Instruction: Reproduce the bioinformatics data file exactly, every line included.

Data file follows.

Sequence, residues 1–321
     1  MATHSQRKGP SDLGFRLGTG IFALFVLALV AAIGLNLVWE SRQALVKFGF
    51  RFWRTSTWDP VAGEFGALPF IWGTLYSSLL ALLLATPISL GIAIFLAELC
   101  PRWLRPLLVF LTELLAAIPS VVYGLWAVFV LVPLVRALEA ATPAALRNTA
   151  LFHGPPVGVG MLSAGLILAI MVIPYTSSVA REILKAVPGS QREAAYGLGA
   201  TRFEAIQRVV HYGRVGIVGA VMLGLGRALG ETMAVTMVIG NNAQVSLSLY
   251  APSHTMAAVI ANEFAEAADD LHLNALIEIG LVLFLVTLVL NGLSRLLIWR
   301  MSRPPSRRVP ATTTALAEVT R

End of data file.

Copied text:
Sequence, residues 1–321
     1  MATHSQRKGP SDLGFRLGTG IFALFVLALV AAIGLNLVWE SRQALVKFGF
    51  RFWRTSTWDP VAGEFGALPF IWGTLYSSLL ALLLATPISL GIAIFLAELC
   101  PRWLRPLLVF LTELLAAIPS VVYGLWAVFV LVPLVRALEA ATPAALRNTA
   151  LFHGPPVGVG MLSAGLILAI MVIPYTSSVA REILKAVPGS QREAAYGLGA
   201  TRFEAIQRVV HYGRVGIVGA VMLGLGRALG ETMAVTMVIG NNAQVSLSLY
   251  APSHTMAAVI ANEFAEAADD LHLNALIEIG LVLFLVTLVL NGLSRLLIWR
   301  MSRPPSRRVP ATTTALAEVT R